NEW YORK CITY — Everyone knows about the schoolyard bully. But with social media, the torment usually doesn’t end in the school hallways.
“Anywhere you have people, you have hurtful behavior,” said Jessie Klein, author of “The Bully Society,” who added that children as young as 3 could experience bullying.
While every child is unique in their reaction to bullying, there are a few key warning signs that could indicate your child is being victimized:
Depression, anxiety and acting out: These are the most common symptoms of a bullied child, said Klein. Children often get anxious when they are being bullied at school or on social media websites. This could also lead to snapping or acting tense and sullen.
The urge to stay in or leave school: If a child acts oddly during recess, dismissal or in the mornings, it could be a sign that something is wrong. Often, the child may rush out of school at the end of the day. A bullied student also might linger, afraid to leave the school grounds, said Kevin Dahill-Fuchel, executive director of Counseling in Schools, a nonprofit organization that provides counseling to New York City public schools.
Isolation: It’s possible that a child could isolate himself or herself from friends and family as the result of bullying, said Dahill-Fuchel. “That would be a red flag” if a child who had been outgoing suddenly becomes more introverted, he said.
Uninterested in daily work: Another telling sign is if a child seems uninterested in activities they used to enjoy, said Klein. If a child is slipping in school work or home chores, it could be a warning sign that something is wrong.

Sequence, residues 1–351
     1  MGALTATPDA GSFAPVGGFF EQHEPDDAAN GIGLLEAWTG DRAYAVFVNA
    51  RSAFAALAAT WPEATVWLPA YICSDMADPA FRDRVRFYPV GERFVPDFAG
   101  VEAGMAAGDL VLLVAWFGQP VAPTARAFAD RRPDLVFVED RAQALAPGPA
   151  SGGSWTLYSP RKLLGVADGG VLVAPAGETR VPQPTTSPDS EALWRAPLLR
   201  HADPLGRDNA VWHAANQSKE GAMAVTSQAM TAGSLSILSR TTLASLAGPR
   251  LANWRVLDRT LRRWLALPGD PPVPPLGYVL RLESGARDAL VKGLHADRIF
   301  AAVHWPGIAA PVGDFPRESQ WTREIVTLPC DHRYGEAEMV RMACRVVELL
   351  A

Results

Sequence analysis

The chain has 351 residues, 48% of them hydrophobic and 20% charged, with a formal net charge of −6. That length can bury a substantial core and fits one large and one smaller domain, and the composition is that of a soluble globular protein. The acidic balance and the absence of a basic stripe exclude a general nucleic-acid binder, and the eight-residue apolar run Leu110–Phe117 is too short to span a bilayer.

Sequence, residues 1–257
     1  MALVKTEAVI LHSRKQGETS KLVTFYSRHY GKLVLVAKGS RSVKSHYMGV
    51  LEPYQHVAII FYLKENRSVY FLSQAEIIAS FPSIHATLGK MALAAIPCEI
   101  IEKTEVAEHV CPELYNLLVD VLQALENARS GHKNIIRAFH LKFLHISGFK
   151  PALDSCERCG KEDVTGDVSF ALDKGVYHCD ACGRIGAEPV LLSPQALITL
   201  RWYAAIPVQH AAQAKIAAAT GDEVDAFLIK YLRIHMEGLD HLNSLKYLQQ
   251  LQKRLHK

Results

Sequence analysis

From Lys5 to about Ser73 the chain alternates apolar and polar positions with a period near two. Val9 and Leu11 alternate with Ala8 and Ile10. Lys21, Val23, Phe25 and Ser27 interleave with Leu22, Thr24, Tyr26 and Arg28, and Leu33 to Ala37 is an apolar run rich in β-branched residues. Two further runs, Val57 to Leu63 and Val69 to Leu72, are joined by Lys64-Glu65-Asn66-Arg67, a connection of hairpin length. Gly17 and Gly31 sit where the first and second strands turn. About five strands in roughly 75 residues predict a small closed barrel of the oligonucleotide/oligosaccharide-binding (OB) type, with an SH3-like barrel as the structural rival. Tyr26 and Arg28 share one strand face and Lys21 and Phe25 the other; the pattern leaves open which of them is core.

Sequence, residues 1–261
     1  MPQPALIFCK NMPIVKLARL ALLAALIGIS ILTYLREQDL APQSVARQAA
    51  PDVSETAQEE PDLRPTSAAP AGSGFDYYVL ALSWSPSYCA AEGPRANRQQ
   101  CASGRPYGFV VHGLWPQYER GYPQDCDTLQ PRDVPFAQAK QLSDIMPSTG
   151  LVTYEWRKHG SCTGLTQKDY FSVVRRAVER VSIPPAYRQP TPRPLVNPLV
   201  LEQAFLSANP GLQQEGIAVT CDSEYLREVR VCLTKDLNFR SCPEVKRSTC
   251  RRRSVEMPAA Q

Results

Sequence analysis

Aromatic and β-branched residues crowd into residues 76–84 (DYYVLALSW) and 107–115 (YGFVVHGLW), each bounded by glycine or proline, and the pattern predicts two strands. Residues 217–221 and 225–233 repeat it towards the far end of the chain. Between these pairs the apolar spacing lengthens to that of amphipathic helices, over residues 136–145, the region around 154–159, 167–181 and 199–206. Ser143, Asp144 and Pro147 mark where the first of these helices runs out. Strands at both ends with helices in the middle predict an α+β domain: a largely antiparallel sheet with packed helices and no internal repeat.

The boisterous child: While some bullied children choose silence as a defense mechanism, others might talk constantly about kids at school (as if they are friends) to compensate for their hurt, said
Dahill-Fuchel. Parents should make an effort to meet these friends and understand the child’s relationship with them. If parents don’t have a good sense of who they are, it could be a sign that your child is trying to hide something.
If you suspect that your child is being bullied, there are a few key points to keep in mind while handling the issue:
Talk to your child: But more importantly, listen. Let the child talk about his or her experiences, what is happening and why it has happened, said Dahill-Fuchel. Since every child is different, it’s important to find a way to approach a child that suits him or her best. Direct conversation works beautifully for some children, but others may prefer a more indirect approach, said Klein.
Don’t push a child to fight back: Encouraging a child to fight back will only worsen the issue, said Dahill-Fuchel. Klein also agreed, adding that fighting back is the least effective way to instill compassion and empathy, which is necessary to stop the bullying.
After-school programs: Find out what a child is interested in and enroll him or her in after-school programs that cater to those interests. This will give the child a chance to meet other like-minded students and encourage new friendships. “The best antidote to bullying is relationships with other kids,” said Dahill-Fuchel.
Tell the school: Make sure the school guidance counselor knows what is going on, said Dahill-Fuchel. Talking to the school will help them deal with the situation. However, Klein added that storming into the school and demanding answers is not an effective way of resolving the issue.
Don’t confront the bully’s parents: “You’re just too close to the situation,” said Dahill-Fuchel. He recommends letting the guidance counselor act as mediator between the two children, which is why it is important to keep them informed.